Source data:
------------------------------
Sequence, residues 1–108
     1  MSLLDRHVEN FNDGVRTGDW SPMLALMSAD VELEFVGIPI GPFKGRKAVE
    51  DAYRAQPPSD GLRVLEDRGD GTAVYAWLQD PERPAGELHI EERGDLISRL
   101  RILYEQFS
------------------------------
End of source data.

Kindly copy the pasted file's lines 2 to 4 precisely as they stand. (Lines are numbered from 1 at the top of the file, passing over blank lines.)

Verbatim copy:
     1  MSLLDRHVEN FNDGVRTGDW SPMLALMSAD VELEFVGIPI GPFKGRKAVE
    51  DAYRAQPPSD GLRVLEDRGD GTAVYAWLQD PERPAGELHI EERGDLISRL
   101  RILYEQFS